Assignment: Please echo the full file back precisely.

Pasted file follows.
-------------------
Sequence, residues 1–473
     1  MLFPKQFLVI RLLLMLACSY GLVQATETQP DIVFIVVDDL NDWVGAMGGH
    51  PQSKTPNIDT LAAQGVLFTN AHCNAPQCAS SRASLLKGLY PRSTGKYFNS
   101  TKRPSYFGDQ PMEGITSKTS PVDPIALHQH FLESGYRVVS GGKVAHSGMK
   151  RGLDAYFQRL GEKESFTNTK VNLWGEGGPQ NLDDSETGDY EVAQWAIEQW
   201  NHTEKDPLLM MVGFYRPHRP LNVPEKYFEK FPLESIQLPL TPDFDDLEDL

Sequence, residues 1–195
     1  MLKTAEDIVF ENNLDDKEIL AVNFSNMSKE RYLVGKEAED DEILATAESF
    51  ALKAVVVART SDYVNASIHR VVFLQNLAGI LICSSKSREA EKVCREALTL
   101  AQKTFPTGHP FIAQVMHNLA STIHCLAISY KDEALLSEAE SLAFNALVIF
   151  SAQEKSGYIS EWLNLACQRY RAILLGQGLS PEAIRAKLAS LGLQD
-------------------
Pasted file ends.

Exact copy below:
Sequence, residues 1–473
     1  MLFPKQFLVI RLLLMLACSY GLVQATETQP DIVFIVVDDL NDWVGAMGGH
    51  PQSKTPNIDT LAAQGVLFTN AHCNAPQCAS SRASLLKGLY PRSTGKYFNS
   101  TKRPSYFGDQ PMEGITSKTS PVDPIALHQH FLESGYRVVS GGKVAHSGMK
   151  RGLDAYFQRL GEKESFTNTK VNLWGEGGPQ NLDDSETGDY EVAQWAIEQW
   201  NHTEKDPLLM MVGFYRPHRP LNVPEKYFEK FPLESIQLPL TPDFDDLEDL

Sequence, residues 1–195
     1  MLKTAEDIVF ENNLDDKEIL AVNFSNMSKE RYLVGKEAED DEILATAESF
    51  ALKAVVVART SDYVNASIHR VVFLQNLAGI LICSSKSREA EKVCREALTL
   101  AQKTFPTGHP FIAQVMHNLA STIHCLAISY KDEALLSEAE SLAFNALVIF
   151  SAQEKSGYIS EWLNLACQRY RAILLGQGLS PEAIRAKLAS LGLQD